required, as would be the case with the crankcase exit system, where a considerable amount splash
and mist blow-by accumulates.
Open and closed positive crankcase ventilation systems:
Earlier positive crankcase ventilation used the open method of circulating air and did not have a
pipe between the air filter and cover. However, when the engine becomes A piston blow-by pushed
the gas and vapour out from the rocker filler cap directly into the atmosphere. The present positive
crankcase ventilation (PCV) systems have adopted the closed where excess blow-by gas in the
upper range is drawn back into the cylinder by the air filter and venturi route.
OIL LEVEL INDICATORS
To make sure that sufficient oil is there in the engine crankcase some means must be provided for
its measurement. The simplest method most commonly used is the 'dip stick'. It is a long stick with
a handle at one end for holding. The marks are provided on the dip stick indicating full, half full or
quarter full crankcase. The critical mark is also provided below which the level should not fall. It is
the duty of the driver to check the oil level at regular intervals, particularly before undertaking any
long journey. Another type of oil level indicator is based upon the float system. To the float inside
the crankcase, is attached suitable indicator to indicate the oil level outside the crankcase.
OIL PRESSURE GAUGES
If any leakage occurs at any part of the lubrication
system, the pressure in the entire system would fall,
reducing consequently the oil supply to various
bearings as a result of which they are bound to starve
and be damaged. Thus it is very important for the
driver to keep a watch on the oil pressure and any
reduction in the system pressure must come into his
The gauges in use are of two types, the Bourdon type
and the electrically operated type. The working
principle of these gauges is the same as the
temperature gauges in the cooling system. Only
instead of thermal element in case of electrically operated type, here we have a linear resistance,
which is controlled by the sliding contact attached to a diaphragm, whose deflection is proportional
to the oil pressure.
OIL PRESSURE WARNING LIGHT
A warning light is provided on
the dashboard which lights up
when the oil pressure is lower
than the specified value. This
light is controlled by an oil
pressure switch mounted in the
main oil gallery
It consists of a diaphragm with a
projection at the centre. When
the oil pressure is above the prescribed value, the projection keeps the contact bar pushed up,
thereby separating the contacts so that the warning light is off. However, when the oil pressure
falls, the diaphragm also moves down thereby making the contacts, so that the warning light comes
Oil pressure warning system
Ordinary warning lamps are
sensitive to only one oil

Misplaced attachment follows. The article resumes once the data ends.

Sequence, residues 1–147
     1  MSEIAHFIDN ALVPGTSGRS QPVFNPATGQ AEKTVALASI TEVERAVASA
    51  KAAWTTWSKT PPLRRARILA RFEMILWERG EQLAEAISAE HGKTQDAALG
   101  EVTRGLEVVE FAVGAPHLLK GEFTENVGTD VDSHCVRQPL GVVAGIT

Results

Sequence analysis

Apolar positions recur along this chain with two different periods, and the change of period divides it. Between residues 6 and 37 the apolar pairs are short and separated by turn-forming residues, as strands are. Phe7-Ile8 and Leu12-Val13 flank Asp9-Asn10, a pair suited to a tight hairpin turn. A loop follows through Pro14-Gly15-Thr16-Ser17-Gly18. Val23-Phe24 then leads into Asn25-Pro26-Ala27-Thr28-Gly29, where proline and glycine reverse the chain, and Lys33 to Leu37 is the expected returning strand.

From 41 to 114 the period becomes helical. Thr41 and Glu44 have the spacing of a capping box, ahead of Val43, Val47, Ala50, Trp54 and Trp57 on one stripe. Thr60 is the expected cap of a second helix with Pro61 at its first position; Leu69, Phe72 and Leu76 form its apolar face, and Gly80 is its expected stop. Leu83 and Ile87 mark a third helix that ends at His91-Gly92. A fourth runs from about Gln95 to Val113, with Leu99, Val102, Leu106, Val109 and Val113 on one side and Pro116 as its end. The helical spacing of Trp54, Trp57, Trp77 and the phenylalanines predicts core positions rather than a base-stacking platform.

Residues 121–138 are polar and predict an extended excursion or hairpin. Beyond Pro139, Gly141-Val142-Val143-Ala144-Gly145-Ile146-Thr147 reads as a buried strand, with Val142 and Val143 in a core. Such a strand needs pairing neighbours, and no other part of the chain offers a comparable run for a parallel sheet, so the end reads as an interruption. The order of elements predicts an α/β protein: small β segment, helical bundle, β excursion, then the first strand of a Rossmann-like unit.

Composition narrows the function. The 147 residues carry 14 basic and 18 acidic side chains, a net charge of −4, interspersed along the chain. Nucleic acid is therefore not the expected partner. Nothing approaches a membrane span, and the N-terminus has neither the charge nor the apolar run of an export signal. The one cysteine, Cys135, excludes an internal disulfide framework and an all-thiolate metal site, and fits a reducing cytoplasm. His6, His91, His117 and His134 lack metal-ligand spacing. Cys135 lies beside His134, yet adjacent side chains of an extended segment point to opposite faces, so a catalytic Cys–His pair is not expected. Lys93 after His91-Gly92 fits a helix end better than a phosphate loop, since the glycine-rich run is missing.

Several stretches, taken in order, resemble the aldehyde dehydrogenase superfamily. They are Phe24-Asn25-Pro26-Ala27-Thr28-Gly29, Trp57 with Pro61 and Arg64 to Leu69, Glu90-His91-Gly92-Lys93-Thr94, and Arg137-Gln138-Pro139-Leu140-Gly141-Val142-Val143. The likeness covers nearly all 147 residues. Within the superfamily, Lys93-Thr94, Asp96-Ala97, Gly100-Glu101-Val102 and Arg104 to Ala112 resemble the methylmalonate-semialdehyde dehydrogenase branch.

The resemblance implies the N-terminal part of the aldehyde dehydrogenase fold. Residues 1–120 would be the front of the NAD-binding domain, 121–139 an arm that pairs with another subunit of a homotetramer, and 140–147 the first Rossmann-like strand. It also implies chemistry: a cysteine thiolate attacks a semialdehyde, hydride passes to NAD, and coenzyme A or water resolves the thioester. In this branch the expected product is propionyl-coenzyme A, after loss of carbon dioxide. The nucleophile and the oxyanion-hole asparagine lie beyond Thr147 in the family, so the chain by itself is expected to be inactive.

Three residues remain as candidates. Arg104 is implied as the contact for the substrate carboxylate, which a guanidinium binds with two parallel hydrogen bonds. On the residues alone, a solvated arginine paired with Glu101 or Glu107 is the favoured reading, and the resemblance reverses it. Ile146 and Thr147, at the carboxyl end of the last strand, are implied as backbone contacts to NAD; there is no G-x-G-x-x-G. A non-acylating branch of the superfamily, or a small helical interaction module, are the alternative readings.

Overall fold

pressure irrespective of engine
speed, though the minimum oil
pressure required depends
upon the engine speed. The
remedy has been provided by
M/s Daimler Benz AG
(Germany) in the from of a 4
When the oil exerts pressure on the diaphragm, the Projection attached to it presses the uppermost
contact bar, breaking the contacts between the two projections. Further movement causes a
projection from the centre of the first contact bar to deflect a second bar and so on, up to the fourth
stage. Each of these four stages is brought singly into circuit with the warning lamp by a selector
switch operated in conjunction with the speedometer. The warning light in this way lights up only
when the oil pressure falls below the value corresponding to the minimum engine speed.
Different lubricants and methods of lubrication are employed for chassis lubrication. The
manufacturer supplies complete information about the location of lubrication points, manner of
lubrication, type of lubricant and the period after which the lubrication must be done, etc. in the
form of lubrication charts. A brief general guideline, however, about the lubrication of only a few
main chassis components is given here.
1. Gear Box Lubrication
Gear box is filled with lubricating oil up to the specified level, which may be checked with a
dipstick. The oil level should be checked after every 1500 km and replenished, if necessary. After
first 800 km and subsequently every 10,000 kin, the gear box should be drained, flushed and
refilled with the fresh lubricant. For moderate temperatures (above 10 degree C), generally S.A.E.
90 oil or hypoid 90 oil is used. For heavy duty applications, S.A.E. 140 oil is used. The exact
specification for a particular vehicle is given by the manufacturer.
2. Steering Box and Rear Axle Lubrication
In the steering box and the rear axle, gears are involved. Therefore, the same oil is generally used as
for gear box lubrication. The lubrication should be done through greasing nipple after every 20,000
3. Lubrication of Wheel Hubs
Special grease is used for wheel hubs. For example, Mobihub grease is specified in case of
Hindustan Ambassador car and Leyland Specification G grease for Ashok Leyland vehicles.
4. General Chassis Lubrication
S.A.E. 140 oil or L.M. Specification G grease is specified for Ashok Leyland vehicles and
Mobilgrease No. 4 is prescribed for Ambassador Cars. For frequency of lubrication, the manual
should be consulted.